2009 IN REVIEW: The pace of change in sport, and media technologies, has been greater in the past 10 years than at any time in history, writes The Observer‘s PAUL HAYWARD
Before Manny Pacquiao defeated Miguel Cotto in Las Vegas last month the American sports writer Dan Wetzel stumbled across a story of technological wizardry that cast the sharpest light on how sport changed in the decade now shuffling to a close.
Wetzel noticed a boxing fan leaning against a wall and watching the pre-fight build-up show on his phone. This fight aficionado had been unable to buy a ticket for the bout so had purchased the pay-per-view package at his home in Phoenix “and set up a Slingbox and had the telecast forwarded to his phone”. To savour the atmosphere he planned to watch it in the palm of his hand outside the doors of the MGM Grand arena while checking live Twitter comments from the media at ringside.
It would be a mistake to think of Wetzel’s new buddy from Arizona as the geek at the gate: a pauper disenfranchised by exorbitant ticket costs. This was a lesson in fan empowerment. The non-live spectator is now a kind of Willy Wonka in a paradise of instant-thrill-availability.
“In 1999 the vast majority of Americans didn’t know how to send or receive a text message on their cell phones,” Wetzel wrote. “Now we watch TV on the thing. The biggest story of the decade wasn’t what Pacquiao did but where you could watch him do it.”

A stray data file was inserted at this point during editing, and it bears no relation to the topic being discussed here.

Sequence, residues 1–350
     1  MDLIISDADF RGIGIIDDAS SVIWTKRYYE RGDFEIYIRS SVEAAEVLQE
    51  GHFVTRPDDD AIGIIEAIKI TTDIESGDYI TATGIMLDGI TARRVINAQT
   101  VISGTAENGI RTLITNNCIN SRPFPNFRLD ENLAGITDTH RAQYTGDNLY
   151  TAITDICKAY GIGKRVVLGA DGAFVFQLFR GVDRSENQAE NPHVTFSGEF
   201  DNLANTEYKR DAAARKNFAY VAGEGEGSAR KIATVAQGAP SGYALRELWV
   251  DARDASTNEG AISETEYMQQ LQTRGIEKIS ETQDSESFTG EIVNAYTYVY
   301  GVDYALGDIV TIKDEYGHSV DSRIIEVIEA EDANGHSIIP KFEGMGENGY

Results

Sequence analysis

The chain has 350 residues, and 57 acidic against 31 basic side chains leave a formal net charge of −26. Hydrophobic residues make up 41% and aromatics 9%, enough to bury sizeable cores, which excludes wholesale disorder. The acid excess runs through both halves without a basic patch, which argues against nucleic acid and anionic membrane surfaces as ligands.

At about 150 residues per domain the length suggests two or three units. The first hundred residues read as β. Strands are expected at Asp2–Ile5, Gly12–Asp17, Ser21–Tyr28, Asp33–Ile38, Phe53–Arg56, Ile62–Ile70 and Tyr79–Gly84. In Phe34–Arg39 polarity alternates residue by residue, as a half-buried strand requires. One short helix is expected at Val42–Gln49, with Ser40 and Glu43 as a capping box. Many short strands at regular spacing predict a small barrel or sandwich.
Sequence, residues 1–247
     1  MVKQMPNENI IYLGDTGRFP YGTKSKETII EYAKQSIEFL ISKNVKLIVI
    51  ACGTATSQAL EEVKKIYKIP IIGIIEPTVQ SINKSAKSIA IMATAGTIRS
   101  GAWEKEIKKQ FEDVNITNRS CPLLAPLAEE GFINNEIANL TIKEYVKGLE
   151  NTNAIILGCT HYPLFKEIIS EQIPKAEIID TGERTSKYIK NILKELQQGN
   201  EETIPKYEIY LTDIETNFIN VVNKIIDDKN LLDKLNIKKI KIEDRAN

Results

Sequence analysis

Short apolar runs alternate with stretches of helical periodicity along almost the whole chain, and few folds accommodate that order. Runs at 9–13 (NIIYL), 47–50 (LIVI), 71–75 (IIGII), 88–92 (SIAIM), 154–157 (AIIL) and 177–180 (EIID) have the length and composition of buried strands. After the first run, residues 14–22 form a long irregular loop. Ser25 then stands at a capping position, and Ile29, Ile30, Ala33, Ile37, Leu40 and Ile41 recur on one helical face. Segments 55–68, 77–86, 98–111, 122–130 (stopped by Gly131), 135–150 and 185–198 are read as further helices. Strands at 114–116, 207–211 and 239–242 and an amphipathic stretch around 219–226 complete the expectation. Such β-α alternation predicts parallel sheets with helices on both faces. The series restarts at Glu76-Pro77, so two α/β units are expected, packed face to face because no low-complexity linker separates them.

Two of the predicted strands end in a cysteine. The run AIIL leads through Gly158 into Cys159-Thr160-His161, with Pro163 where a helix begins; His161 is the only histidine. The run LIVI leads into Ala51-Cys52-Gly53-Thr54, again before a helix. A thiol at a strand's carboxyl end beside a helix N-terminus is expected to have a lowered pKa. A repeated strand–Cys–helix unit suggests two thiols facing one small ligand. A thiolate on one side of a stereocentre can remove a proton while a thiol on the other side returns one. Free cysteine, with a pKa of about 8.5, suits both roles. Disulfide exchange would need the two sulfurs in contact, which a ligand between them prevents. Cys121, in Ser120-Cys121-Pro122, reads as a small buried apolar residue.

This is one revolution that will be televised. The old models of image and information dispersal have been demolished. For all the dramas on the field of the play technology is the real story of sport in the so-called Noughties. At Premier League football grounds now it is common to sit behind a fan who is watching Jeff Stelling in the Sky Sports Soccer Saturday studio while also observing the game on the turf below.
For some, text alerts, hot clip downloads and breaking news are now part of the package of being a supporter. Sensory overload is available with a few prods of a phone screen.
In the United States, sports pages fight a losing battle for immediacy against NFL and NBA clubs who broadcast their post-match press conferences straight on to their own websites. Why wait for the next day’s paper when you can hear what they said, right here, right now? A newspaper man will answer: because Pravda was not the best source of insights into Kremlin politics, but no one knows how much spectators value the objectivity that an independent media bring to analysis.
The age of the entertainment addict is here in sport. On an iPhone alone a consumer striding into a high street store can acquire applications that will allow him to see Phil Thompson and Charlie Nicholas writhe and shout on Stelling’s panel as the goals go in, and My Madrid, which offers video clips, match updates and ticket sales to Real Madrid devotees. When that fails to entertain, the fan can play God on Soccer Manager.